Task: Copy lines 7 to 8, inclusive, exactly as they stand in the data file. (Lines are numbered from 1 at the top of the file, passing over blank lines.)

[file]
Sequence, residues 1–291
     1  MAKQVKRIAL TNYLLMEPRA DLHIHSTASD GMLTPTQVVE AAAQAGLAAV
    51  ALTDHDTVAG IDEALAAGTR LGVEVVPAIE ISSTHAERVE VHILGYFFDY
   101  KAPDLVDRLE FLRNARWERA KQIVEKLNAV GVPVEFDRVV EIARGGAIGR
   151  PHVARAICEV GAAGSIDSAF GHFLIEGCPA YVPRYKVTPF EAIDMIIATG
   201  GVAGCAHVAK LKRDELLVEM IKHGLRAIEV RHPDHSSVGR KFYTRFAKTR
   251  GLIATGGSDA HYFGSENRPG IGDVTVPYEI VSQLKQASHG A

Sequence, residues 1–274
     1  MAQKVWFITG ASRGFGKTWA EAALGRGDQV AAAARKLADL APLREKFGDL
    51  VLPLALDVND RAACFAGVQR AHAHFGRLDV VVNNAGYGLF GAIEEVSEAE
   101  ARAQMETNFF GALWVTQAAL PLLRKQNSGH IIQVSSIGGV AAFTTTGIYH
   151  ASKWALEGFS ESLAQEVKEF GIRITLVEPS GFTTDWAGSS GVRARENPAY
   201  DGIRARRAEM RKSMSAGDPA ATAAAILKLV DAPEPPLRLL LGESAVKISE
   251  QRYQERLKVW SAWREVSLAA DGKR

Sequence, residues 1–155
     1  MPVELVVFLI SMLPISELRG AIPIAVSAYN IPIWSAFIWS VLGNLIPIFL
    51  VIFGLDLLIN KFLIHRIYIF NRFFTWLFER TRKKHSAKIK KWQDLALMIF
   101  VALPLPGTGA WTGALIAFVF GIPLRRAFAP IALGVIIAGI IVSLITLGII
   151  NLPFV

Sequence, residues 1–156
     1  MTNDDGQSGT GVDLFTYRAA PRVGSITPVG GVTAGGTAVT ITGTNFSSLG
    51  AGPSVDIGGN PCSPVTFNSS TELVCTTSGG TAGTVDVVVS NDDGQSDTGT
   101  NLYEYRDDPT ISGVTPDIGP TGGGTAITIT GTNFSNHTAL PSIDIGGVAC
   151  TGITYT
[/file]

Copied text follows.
   251  GLIATGGSDA HYFGSENRPG IGDVTVPYEI VSQLKQASHG A

Sequence, residues 1–274